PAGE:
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  #31   ^
Old Wed, Jun-25-08, 20:43
LC FP LC FP is offline
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Not being a lawyer, I guess I don't really understand the argument, but I can say that most doctors would interpret intensive to mean-- using whatever means necessary to achieve a tougher target. Not necessarily getting there faster, as the standard therepy group wasn't ever expected to get "there". I know they used time to target as an excuse to explain the higher mortality, and to distinguish ACCORD from the other more favorable study.

These studies are marketing studies targeting prescribing doctors. They're not expected to have no flaws. No clinical study is flawless.
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  #32   ^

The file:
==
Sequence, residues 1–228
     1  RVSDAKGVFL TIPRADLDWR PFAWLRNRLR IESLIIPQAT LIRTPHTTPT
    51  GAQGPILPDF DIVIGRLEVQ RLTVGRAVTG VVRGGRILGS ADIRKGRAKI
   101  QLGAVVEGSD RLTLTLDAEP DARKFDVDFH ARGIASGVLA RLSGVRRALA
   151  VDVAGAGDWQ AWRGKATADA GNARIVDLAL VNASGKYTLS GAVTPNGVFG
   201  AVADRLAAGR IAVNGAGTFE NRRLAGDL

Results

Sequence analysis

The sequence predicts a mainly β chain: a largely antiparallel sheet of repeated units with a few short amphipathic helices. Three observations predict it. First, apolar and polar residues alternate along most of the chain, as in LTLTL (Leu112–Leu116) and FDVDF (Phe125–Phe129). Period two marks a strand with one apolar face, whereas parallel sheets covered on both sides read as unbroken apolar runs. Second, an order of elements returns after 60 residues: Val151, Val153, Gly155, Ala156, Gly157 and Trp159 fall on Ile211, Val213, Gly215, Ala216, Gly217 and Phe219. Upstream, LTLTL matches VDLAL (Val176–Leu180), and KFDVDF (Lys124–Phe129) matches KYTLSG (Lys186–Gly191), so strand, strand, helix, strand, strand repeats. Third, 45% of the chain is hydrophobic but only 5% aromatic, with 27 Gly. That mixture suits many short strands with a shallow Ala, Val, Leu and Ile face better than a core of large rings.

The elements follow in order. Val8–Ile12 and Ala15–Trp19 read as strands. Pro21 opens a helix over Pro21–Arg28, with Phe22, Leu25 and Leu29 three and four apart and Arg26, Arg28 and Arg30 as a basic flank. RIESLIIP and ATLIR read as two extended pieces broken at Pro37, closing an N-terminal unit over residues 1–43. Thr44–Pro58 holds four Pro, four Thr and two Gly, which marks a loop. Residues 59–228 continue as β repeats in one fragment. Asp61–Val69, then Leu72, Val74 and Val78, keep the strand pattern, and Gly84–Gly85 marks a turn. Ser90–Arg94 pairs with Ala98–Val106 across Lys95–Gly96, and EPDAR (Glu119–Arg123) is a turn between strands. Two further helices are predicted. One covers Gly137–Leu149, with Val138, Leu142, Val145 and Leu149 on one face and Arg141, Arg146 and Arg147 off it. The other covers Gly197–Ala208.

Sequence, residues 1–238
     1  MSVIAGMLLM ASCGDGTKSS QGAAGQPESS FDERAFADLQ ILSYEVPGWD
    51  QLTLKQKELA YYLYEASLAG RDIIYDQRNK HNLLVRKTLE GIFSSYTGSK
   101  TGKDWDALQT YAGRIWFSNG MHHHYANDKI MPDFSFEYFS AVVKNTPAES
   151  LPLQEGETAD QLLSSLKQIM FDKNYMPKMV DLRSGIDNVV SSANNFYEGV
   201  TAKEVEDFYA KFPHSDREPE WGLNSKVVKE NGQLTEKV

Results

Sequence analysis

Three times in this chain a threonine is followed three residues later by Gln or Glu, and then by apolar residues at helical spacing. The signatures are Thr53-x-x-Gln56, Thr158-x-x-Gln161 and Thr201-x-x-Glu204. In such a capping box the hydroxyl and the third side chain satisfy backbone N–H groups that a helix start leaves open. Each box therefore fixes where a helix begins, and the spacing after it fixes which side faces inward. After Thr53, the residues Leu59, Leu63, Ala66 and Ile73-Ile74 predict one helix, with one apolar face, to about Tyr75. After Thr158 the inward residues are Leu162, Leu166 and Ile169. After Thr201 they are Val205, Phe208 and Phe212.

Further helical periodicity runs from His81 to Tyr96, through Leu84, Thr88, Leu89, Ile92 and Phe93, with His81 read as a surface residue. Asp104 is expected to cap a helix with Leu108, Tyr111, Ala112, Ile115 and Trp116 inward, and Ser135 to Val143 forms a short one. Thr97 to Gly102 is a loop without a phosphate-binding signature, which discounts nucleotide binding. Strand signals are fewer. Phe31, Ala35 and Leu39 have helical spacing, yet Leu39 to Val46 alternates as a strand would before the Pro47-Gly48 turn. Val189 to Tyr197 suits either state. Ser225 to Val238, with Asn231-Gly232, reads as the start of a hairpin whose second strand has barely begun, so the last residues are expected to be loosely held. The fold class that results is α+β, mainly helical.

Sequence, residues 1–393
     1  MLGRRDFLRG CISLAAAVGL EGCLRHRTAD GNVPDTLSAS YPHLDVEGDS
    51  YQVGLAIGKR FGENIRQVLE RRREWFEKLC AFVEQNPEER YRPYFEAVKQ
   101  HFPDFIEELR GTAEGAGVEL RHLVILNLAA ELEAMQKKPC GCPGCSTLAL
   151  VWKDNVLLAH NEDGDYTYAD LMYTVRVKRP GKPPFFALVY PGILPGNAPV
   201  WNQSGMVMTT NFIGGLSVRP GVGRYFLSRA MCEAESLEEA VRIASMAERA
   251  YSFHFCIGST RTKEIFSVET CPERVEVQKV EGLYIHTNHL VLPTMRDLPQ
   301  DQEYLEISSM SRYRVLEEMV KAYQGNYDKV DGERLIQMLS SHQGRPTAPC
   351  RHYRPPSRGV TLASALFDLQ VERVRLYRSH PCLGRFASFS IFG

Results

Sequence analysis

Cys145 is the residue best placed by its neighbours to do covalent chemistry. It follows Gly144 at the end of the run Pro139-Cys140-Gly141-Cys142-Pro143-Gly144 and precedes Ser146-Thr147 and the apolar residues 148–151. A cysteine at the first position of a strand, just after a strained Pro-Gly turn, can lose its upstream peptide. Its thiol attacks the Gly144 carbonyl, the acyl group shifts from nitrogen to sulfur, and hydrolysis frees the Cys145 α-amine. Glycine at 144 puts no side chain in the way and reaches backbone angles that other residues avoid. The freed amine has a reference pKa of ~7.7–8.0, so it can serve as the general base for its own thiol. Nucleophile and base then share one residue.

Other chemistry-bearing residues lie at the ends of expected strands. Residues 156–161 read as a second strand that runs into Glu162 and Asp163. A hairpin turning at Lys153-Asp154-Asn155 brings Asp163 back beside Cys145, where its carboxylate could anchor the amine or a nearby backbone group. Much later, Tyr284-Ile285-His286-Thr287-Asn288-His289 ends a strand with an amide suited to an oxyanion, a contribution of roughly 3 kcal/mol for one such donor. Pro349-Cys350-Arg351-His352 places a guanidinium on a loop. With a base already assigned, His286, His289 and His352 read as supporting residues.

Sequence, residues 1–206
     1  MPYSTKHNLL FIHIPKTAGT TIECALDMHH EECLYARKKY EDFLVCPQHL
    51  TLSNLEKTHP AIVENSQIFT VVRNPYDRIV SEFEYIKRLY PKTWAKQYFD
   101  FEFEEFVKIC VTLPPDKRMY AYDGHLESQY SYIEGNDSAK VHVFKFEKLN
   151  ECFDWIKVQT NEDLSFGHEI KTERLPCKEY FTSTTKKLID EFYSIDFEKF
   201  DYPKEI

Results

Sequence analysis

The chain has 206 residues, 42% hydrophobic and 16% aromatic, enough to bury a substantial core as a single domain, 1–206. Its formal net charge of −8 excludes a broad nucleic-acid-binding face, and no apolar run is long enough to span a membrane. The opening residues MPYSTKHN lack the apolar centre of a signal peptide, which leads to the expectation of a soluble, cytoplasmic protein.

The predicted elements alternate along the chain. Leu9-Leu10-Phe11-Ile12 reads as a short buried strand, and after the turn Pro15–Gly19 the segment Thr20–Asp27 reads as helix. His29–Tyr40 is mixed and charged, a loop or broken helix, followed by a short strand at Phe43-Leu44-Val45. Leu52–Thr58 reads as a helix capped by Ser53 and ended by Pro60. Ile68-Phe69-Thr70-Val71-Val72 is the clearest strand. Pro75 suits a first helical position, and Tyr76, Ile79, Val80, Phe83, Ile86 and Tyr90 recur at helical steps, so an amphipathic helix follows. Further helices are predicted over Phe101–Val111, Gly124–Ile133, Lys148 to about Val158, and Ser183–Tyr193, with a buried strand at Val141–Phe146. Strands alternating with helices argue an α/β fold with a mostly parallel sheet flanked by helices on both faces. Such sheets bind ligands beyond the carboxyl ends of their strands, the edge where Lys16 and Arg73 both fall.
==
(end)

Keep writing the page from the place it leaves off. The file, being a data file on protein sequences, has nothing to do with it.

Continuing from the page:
Old Wed, Jun-25-08, 20:58
lowcarbUgh's Avatar
lowcarbUgh lowcarbUgh is offline
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What do you mean by marketing studies? You realize, of course, that many diabetics would look on this study as containing the truth on how they are supposed to control their diabetes, that looser control is better control.
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  #33   ^
Old Wed, Jun-25-08, 21:04
Gypsybyrd's Avatar
Gypsybyrd Gypsybyrd is offline
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Quote:
Originally Posted by LC FP
... I know they used time to target as an excuse to explain the higher mortality, and to distinguish ACCORD from the other more favorable study.
...


I don't believe the authors used time to target as an excuse to explain the higher mortality. The way the article reads, the authors used the target itself as the primary explanation for the higher mortality. That's why people are upset/frustrated over this study article and NIH's position on it.

And it's not a lawyer thing ...
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  #34   ^
Old Wed, Jun-25-08, 22:28
LC FP LC FP is offline
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Quote: